Heart samples from patients with idiopathic cardiomyopathy and from controls were obtained as previously described (Kim et al., 2015a, b). Briefly, diseased heart samples from patients with end-stage heart failure were supplied by the Department of Cardiac Pathology at the Texas Heart Institute, and the donated non-transplantable normal human heart samples (controls) were provided by the International Institute for the Advancement of Medicine on the basis of an official agreement with the Laboratory of Electrophysiology at the Texas Heart Institute. The protocol for the use of human heart samples was approved by the Institutional Review Board at CHI St. Luke’s Health—Baylor St. Luke’s Medical Center.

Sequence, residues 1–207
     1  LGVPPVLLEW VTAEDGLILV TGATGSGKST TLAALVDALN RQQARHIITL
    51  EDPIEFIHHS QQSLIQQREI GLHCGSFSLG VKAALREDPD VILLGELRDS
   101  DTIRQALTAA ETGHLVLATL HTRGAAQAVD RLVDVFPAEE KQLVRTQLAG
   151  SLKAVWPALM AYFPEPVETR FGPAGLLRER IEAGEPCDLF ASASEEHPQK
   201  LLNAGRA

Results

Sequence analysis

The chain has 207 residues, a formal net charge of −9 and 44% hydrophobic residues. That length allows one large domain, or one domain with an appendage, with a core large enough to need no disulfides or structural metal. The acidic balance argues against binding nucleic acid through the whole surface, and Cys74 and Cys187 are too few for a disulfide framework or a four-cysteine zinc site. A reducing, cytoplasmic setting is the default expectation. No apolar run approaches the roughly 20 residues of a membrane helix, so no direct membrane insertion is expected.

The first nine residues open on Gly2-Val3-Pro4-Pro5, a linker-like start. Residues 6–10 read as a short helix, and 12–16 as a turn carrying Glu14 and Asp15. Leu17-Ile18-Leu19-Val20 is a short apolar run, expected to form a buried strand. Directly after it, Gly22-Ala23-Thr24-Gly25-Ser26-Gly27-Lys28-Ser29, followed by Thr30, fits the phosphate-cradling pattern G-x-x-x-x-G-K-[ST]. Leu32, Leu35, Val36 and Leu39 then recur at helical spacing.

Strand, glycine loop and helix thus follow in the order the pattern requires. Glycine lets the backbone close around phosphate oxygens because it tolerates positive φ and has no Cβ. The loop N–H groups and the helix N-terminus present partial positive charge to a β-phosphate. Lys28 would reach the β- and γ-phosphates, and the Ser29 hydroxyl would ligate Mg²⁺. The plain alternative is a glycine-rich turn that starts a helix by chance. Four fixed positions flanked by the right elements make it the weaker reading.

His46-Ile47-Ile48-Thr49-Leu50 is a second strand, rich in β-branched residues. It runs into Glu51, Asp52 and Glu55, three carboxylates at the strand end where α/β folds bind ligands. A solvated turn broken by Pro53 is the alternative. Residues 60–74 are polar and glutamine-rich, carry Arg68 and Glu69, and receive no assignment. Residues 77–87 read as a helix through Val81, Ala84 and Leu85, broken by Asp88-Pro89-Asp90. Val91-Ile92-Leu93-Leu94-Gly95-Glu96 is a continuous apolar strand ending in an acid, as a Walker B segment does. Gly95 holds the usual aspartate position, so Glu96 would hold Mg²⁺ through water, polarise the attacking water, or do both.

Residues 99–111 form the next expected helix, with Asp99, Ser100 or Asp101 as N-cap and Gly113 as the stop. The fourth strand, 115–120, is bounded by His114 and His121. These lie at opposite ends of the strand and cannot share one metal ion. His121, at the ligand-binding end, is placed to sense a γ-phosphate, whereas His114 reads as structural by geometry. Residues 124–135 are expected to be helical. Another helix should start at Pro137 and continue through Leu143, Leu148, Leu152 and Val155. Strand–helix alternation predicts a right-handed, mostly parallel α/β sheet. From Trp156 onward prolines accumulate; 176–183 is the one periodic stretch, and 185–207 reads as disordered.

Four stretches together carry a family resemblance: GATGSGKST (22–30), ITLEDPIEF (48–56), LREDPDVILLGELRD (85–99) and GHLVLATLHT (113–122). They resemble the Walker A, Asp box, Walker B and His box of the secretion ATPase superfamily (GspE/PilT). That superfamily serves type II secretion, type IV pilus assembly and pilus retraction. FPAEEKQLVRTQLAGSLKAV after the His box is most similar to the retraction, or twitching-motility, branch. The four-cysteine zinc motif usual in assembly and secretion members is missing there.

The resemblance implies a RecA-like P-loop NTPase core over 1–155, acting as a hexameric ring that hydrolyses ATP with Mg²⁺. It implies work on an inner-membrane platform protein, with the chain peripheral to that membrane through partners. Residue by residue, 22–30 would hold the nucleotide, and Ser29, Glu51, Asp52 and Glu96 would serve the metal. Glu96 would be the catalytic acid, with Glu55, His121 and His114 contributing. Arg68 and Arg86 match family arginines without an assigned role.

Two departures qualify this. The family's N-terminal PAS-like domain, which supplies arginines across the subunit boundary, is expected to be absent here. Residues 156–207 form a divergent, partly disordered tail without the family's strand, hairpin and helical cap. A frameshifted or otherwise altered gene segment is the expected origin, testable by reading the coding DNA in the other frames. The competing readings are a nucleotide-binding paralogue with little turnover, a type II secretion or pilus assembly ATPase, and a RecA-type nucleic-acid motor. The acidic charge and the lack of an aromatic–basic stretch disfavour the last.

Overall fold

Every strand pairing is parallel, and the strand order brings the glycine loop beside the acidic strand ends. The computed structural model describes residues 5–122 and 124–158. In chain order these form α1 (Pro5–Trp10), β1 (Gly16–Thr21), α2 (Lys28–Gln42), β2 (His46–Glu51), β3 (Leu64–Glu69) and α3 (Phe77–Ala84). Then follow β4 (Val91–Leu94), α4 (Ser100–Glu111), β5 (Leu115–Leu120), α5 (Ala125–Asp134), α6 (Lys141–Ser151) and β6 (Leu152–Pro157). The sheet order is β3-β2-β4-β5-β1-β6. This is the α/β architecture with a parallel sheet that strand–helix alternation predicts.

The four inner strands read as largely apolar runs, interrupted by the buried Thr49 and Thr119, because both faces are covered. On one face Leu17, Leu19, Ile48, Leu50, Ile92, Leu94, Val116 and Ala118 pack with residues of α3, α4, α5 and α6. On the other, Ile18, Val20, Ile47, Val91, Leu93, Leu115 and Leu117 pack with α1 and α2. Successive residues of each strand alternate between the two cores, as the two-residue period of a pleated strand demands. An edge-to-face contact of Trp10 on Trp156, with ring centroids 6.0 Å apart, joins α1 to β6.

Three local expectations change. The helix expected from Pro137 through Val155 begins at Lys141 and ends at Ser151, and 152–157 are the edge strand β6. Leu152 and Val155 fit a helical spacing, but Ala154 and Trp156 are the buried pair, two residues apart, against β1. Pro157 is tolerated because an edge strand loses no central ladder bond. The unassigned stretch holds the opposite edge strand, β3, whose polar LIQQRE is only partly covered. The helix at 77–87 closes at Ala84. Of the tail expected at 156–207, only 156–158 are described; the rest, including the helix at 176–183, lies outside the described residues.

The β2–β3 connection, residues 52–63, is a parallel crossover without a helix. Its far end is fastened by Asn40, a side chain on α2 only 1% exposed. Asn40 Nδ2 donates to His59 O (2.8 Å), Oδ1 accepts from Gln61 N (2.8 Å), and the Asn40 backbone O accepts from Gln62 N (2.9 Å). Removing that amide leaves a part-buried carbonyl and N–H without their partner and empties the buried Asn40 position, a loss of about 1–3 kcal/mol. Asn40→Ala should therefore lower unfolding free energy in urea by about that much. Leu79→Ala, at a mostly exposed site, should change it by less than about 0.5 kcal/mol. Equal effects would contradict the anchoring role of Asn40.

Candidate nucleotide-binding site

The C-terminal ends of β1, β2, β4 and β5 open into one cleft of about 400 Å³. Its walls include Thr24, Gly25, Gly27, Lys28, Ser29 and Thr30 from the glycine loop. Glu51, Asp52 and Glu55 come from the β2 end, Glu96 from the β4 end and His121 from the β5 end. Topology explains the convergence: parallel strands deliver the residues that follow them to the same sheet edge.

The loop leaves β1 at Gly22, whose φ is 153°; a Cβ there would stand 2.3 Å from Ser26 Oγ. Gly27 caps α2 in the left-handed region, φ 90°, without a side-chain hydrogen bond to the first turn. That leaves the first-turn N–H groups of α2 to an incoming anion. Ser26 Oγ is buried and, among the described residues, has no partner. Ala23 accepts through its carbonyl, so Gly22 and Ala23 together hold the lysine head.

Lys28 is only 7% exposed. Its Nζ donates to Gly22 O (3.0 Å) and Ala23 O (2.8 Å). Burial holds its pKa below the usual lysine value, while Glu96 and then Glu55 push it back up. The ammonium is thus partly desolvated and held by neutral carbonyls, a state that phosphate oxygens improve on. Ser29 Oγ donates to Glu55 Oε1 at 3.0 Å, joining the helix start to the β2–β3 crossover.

Cell Culture and Transfection

Hela cells were cultured in DMEM supplemented with 10% FBS. Transient transfection was carried out on 6-cm plates with either lipofectamine 3000 [for single-cell sorting by flow cytometry (FACS Aria SORP, BD)] or lipofectamine 2000 (for Western blot analysis) according to the manufacturer’s instructions.

Generation of YY2-Null Hela Cells